So is there a theme to what psychology says about Covid-19?

It seems the two strands so far are these:
  • Widespread anxiety is causing people to behave in ways that can be understood and explained
  • We must look after ourselves so that we don’t suffer the damaging psychological effects of social isolation in our attempts to achieve social distance.

Running additions:
March 30th: Russ Harris, psychotherapist and ACT guru, has produced this practical guide covering steps you can take to "FACE Covid"

Alan Law, PhD

Monday, March 2, 2020

Some personal reflections on grief and support

Te aroha
Te whakapono
Me te Rangimarie
Tātou tātou e

The song Te aroha has a simple beauty to it. My mother loved it. She was particularly impressed when my son came home from kindergarten and sang it for her with accompanying hand gestures. He was 4 then, and he was still 4 when my mother died.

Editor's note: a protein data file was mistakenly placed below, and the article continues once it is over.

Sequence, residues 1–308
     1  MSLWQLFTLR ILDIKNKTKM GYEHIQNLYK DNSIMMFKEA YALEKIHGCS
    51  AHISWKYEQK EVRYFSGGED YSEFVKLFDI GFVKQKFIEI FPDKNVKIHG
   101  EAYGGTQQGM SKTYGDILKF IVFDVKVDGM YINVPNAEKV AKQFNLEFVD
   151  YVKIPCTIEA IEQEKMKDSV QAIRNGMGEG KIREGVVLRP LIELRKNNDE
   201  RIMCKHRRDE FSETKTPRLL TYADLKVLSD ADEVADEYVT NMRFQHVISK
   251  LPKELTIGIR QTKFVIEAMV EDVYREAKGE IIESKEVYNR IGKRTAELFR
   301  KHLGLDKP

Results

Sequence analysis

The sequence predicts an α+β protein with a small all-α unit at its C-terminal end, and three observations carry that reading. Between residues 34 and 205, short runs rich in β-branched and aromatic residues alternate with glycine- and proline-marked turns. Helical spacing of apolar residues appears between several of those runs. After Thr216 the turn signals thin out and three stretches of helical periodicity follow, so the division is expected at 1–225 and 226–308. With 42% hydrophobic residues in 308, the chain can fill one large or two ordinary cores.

It seemed appropriate to ask him if he wanted to sing Te aroha at a small family event after she died. He did. A small kid singing a song he learned at kindy as part of a farewell to his grandma is a very beautiful thing, and I still shed a tear when I hear the song. For me, Te aroha is a bridge between my son, who is very present, and my mum, who is a fading memory. Te aroha brings her back, and she usually brings waves of sadness with her.